Twilight has settled over a stormy Saturday. The moon is almost full, sliding over the dark treetops. We are on our way to Rolling Hills Asylum, one of the stops on the New York State Haunted History Trail.
The Rolling Hills Asylum, actually an old poorhouse, is at a lone crossroads in the middle of nowhere, somewhere in the neighborhood of Batavia. “Established in 1827, the Genesee County Poor House soon became a dumping ground for the outcasts of society,” promises the Haunted History Trail brochure, which is colorfully written. “Haunted North America rated it as the second most haunted site in the United States.”
Wikipedia corroborated the creepiness, saying that Rolling Hills’ supernatural residents included “Roy, the 7-foot giant, and Ray, who attacks women in the basement.” [Editor's note: Creepily enough, Rolling Hills' Wikipedia page has since been deleted.]
Hence our preference for Rolling Hills over other sites on the trail (listed at the bottom of the page). If you’re going to play ghost tourist, this seems like the perfect place to start.
A bleak sight
When Rolling Hills takes shape in the gloom, it looks as forbidding as promised. It sits smack dab on the street, no grounds surrounding it, nothing. It’s dilapidated inside, and smells like a cellar. It is half lit.
We are ushered upstairs, into one hall and down another hall before we arrive in a room that used to be an infirmary.
As paranormal tourists for the day – er, night – we soon find we are far from alone.
This is prime Halloween season, and Rolling Hills holds constant tours. On the Saturday we visit, one tour is still ongoing – that is, its participants are still roaming the dimly lit building, seeing what spirits they can scare up. Two more tours start at 9:30 p.m. One goes until midnight, and the other until 3 a.m.
Not that the ghosts need an excuse to show up. Rolling Hills owner Sharon Coyle has an electronic ghost perceptor she says costs $200. From time to time it blinks.
“There’s activity,” Coyle says.
A California blonde, Coyle first encountered the 60,000-square-foot place on a ghost hunt in 2008 and fell in love. A year later, hearing the place was for sale and worried for its future, she bought it.
She met her boyfriend, Brad, when she hired his band to play an event at the asylum. Now both of them live on site and, friendly as they both are, they run a tight ship.
Rules include: No lighting of anything in the building including but not limited to cigarettes, cigars, pipes, candles, incense, sage, etc. Crossing over of Spirits, Exorcisms, Blessings, Cleansings, Clearings, Bindings, Séances, Black Magic, Table-tipping, or any other ritual, are NOT allowed. The use of Ouija Boards is strictly prohibited. Negative Provoking will not be tolerated.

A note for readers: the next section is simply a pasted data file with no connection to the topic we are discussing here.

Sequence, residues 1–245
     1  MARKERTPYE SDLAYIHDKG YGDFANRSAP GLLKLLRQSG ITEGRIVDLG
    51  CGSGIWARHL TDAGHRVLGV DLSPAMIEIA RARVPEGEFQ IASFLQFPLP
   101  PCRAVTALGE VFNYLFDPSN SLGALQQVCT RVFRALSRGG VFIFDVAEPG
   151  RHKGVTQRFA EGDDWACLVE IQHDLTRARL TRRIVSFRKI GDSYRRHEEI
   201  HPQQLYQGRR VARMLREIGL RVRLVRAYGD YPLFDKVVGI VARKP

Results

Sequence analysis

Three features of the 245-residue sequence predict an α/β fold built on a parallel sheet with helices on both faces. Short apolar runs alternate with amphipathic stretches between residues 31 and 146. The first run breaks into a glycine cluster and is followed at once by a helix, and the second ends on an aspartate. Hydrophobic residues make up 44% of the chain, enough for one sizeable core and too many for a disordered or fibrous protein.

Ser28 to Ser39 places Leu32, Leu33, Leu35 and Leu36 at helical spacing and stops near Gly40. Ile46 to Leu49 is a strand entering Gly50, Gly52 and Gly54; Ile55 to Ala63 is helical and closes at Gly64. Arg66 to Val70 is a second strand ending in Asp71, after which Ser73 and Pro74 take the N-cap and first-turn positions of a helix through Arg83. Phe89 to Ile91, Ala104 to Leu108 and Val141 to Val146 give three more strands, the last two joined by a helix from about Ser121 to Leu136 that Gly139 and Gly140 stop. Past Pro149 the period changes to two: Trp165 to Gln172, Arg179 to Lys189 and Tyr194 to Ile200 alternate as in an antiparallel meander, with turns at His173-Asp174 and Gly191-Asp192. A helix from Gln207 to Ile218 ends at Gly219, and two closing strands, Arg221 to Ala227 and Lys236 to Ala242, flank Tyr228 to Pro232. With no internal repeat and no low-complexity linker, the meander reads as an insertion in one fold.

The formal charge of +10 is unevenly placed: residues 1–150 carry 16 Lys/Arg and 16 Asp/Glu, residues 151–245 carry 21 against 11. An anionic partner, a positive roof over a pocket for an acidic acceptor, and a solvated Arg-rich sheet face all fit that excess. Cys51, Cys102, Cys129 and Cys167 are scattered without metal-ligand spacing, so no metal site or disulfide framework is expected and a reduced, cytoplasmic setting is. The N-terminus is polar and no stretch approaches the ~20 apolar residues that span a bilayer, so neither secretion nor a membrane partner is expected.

“This is serious,” Coyle says. “This isn’t a game. I am responsible for the safety of my attendees and the safety of the spirits. They’re living entities.”
It is touching how when she alludes to “the Rolling Hills family,” she means not only a host of helpful volunteers but also ghosts: a German nurse named Emma; a little girl who hangs out in the chapel; and super-friendly Roy, who suffered from gigantism and was dropped off one day by his dad, who never came back to get him. There is one terrifying-sounding spirit called the Screaming Lady. Other than that, one can’t help thinking how happy these ghosts must be to have found such a loving caretaker.
A cry for help
Before the 9:30 tour starts, Coyle invites the four of us from Buffalo upstairs for a little look around. The halls all look the same, and we quickly lose our sense of direction.
She isn’t fazed by the half lighting. “Sometimes I walk around in here when it’s pitch dark,” she says.
The most haunting thing of all could be the view out the window – nothing but a black row of trees in the distance, and those two stark highways, heading into endless darkness.
Inside, you grow accustomed to the gloom. Coyle has filled the place with antique oddments she and Brad find at auctions. There is an old refrigerator, an examining table, a walker. An intellectual ghost who likes books has a library. Most of the volumes are Harlequin romances, probably not his taste, but this place operates on a shoestring.
The ghosts, Coyle explains, are sometimes drawn by calls for help. With that in mind, she proposes an experiment. Someone is to sit in the hall in a wheelchair, and is supposed to act helpless.
Jim, because he doesn’t believe in ghosts, is nominated. We leave him alone at one end of the hall, and follow Coyle to the other. Coyle began calling to the spirits. “We’ve got an inmate who’s lost. He needs help.”